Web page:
MORAGA -- Steven Stumph is still hearing about the race he won at the North Coast Section championships that made waves across the swimming community.

Not only did the Campolindo High senior break a national high school record in the boys 100-yard breaststroke, so did the two guys swimming next to him.

The thrilling race among Stumph, Miramonte's Charlie Wiser and Granada's Nick Silverthorn caught the attention of the former record holder in the event, Olympic gold medalist Brendan Hansen.

"He tweeted at us, 'Congrats to these three young swimmers, glad to see my record fall,' " said Stumph, whose time of 53.39 seconds was 0.28 seconds under Hansen's previous mark. "I commented and he responded right away."

Hansen's message to Stumph?

"The next step is racing like that with a USA cap on and long course," Hansen tweeted to Stumph. "That's when it gets real fun, keep working hard, buddy."

Working hard has never been an issue for Stumph, the East Bay Boys Swimmer of the Year.

In addition to his national record in the breaststroke, Stumph also swam in the 100 butterfly at NCS for the first time, setting a section record. Both relay teams he competed on claimed NCS marks, as well. Plus, he got to celebrate another team title, the ninth straight for the Campolindo boys, before heading to USC next year.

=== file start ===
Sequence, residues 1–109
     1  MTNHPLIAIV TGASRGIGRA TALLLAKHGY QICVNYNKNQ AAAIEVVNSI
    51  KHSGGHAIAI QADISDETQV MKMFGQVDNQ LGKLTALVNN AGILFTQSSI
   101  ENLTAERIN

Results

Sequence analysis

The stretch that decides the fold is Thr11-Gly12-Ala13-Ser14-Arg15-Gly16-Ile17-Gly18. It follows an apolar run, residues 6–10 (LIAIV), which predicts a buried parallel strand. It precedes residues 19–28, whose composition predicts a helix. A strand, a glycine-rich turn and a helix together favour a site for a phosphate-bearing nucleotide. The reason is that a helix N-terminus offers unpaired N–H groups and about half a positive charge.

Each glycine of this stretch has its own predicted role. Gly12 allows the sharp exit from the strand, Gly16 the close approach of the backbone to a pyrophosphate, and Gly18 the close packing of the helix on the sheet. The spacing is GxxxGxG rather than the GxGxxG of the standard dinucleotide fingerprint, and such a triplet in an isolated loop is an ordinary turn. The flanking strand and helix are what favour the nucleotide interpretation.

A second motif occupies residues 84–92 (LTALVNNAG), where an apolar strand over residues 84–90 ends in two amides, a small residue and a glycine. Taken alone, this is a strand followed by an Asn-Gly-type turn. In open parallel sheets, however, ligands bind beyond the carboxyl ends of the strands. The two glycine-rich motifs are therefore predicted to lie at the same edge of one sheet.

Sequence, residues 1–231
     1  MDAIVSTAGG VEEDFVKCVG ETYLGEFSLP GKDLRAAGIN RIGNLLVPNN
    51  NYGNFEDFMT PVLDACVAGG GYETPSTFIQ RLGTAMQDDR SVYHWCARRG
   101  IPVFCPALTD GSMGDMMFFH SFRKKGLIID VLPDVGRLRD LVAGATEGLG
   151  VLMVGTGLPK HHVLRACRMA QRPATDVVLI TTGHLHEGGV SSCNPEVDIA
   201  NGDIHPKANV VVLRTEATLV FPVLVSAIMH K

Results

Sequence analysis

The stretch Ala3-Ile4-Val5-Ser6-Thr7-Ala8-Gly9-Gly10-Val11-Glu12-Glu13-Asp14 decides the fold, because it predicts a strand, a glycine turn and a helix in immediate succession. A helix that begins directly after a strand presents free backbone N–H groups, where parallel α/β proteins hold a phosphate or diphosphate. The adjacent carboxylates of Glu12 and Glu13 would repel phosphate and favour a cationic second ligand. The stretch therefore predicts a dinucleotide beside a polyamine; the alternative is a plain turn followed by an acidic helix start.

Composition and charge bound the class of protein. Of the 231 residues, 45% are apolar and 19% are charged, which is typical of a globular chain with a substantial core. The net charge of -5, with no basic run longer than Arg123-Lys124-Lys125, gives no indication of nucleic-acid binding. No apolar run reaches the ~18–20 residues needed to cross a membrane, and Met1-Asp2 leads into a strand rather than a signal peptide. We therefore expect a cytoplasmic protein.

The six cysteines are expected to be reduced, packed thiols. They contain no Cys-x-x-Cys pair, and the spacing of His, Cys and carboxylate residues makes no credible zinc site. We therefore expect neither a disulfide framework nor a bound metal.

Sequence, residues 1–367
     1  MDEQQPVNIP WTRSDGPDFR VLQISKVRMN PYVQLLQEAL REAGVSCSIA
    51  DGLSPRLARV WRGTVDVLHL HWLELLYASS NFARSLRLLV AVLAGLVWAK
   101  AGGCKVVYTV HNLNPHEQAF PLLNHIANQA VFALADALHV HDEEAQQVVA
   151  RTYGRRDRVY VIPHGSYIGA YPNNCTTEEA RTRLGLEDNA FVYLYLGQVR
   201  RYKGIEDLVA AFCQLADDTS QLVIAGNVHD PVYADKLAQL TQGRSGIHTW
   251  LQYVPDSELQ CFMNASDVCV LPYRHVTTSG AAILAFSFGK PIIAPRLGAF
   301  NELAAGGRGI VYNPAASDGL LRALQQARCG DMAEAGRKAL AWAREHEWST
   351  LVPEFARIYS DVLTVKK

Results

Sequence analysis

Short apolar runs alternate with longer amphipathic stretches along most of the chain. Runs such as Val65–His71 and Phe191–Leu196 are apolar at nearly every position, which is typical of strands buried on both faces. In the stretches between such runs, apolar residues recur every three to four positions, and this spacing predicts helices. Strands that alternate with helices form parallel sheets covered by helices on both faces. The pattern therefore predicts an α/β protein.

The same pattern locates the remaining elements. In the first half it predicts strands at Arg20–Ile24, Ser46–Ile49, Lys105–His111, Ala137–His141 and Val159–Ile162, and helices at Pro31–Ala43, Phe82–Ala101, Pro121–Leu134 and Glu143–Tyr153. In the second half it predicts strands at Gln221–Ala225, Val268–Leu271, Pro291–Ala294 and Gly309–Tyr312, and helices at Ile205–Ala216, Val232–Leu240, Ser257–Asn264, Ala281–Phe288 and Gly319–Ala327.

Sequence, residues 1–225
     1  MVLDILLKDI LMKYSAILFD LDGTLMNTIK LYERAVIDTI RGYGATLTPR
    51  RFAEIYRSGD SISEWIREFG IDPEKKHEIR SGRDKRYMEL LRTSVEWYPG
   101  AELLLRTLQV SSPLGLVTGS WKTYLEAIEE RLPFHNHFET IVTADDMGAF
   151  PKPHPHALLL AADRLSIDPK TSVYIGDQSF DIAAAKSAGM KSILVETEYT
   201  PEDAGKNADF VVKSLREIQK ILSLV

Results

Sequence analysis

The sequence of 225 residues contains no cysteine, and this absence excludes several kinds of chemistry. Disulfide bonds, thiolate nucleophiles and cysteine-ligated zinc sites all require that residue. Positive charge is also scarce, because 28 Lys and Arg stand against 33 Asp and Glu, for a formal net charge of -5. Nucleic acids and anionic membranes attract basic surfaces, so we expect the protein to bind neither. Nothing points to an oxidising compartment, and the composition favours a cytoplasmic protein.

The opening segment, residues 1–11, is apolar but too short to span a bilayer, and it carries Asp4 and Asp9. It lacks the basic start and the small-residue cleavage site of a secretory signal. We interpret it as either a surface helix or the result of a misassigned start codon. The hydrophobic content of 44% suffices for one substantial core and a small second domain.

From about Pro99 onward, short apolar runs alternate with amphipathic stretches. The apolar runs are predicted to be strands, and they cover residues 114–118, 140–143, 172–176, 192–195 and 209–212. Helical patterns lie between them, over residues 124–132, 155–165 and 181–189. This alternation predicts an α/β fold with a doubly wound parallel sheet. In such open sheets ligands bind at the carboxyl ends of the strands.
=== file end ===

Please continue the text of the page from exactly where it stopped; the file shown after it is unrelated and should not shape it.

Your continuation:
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"Every day he focuses on something to get better," Campolindo coach Ron Heidary said of Stumph after the NCS meet. "He has that punishing work ethic. Your work ethic can take you to places you never imagined if you're willing to work that hard every day for years, and he has done that."

If Stumph looked better than ever this season, it's because he feels fully healthy for the first time in years.

Knee pain and groin pulls slowed Stumph in his early high school days before doctors eventually discovered he had extra bone growth, a condition requiring surgery on both his hips. The operation took place during the summer before his junior year, and the recovery process was slow.

"From date of the surgery to when all tiniest muscle ligaments have healed is 18 months," Stumph said. "Every month I feel stronger and better."